Giving winter a chance…

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Winter light on barn

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How many lessons of faith and beauty we should lose, if there were no winter in our year.

Thomas Wentworth Higginson

I live in a little town called Almonte, Ontario. I moved here six years ago, from Canada’s capital, Ottawa, but I’ve never really lived here. Why? Because for these last several years we’ve always been away for the winter and spring, down south on our sailboat, Windsong II, which I adored, and which we have now sold.

You may have seen a few of my pictures and posts (smile) of our adventures crossing to the Bahamas from Florida and enjoying an active, exciting and relaxing life on the water. I feel so alive when I am always outside, feeling the warm sun and wind on my skin. I hate the expression “living the dream,” but it kinda was…

I make no secret of the fact that I am NOT a winter person. I do not enjoy being cold and I’m not really into outdoor sports. I used to skate on the Rideau Canal in Ottawa, but after a nasty experience with an icy bump and a broken elbow and another with bruised knees my enthusiasm for skating came to an end.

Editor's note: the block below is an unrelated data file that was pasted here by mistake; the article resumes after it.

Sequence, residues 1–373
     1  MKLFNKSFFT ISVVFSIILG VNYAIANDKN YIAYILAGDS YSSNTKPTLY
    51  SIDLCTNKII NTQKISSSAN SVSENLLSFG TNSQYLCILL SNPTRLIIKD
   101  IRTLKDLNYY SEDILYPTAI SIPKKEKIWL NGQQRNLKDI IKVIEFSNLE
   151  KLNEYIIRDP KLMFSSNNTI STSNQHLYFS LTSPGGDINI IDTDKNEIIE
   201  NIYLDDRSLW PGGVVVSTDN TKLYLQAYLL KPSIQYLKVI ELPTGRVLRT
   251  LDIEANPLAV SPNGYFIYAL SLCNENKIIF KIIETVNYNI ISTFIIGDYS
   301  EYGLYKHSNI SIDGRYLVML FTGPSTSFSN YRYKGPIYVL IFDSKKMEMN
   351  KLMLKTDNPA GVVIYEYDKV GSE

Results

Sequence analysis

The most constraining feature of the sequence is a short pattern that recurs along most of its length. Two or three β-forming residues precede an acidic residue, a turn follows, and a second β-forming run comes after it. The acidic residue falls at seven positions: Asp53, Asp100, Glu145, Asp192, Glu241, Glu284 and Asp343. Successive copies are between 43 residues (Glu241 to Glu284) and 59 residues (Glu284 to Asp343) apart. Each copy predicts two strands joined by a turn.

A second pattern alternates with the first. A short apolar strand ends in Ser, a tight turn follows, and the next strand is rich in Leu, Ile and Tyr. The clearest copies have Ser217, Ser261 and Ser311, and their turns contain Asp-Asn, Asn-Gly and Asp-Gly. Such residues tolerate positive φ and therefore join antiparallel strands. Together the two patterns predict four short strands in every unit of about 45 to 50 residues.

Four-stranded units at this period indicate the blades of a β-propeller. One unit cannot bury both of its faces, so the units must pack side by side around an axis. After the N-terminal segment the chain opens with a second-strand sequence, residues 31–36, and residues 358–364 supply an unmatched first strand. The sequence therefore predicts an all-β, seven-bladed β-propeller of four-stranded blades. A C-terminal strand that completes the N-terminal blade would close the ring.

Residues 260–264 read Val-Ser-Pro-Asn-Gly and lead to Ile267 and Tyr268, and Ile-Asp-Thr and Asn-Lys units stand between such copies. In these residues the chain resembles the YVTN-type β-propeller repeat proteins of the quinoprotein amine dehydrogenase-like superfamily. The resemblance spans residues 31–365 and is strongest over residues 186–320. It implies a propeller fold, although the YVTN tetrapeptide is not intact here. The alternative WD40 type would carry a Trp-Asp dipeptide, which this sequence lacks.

When we decided to spend this winter in Almonte, I wondered how I might survive this period. Then I stopped thinking about it. Christmas was coming and there was much to be done and lots to occupy my thoughts. The grandkids were back from the North and this was the first Christmas we would get to spend with them in a good while. Then my family arrived to spend a few delicious days.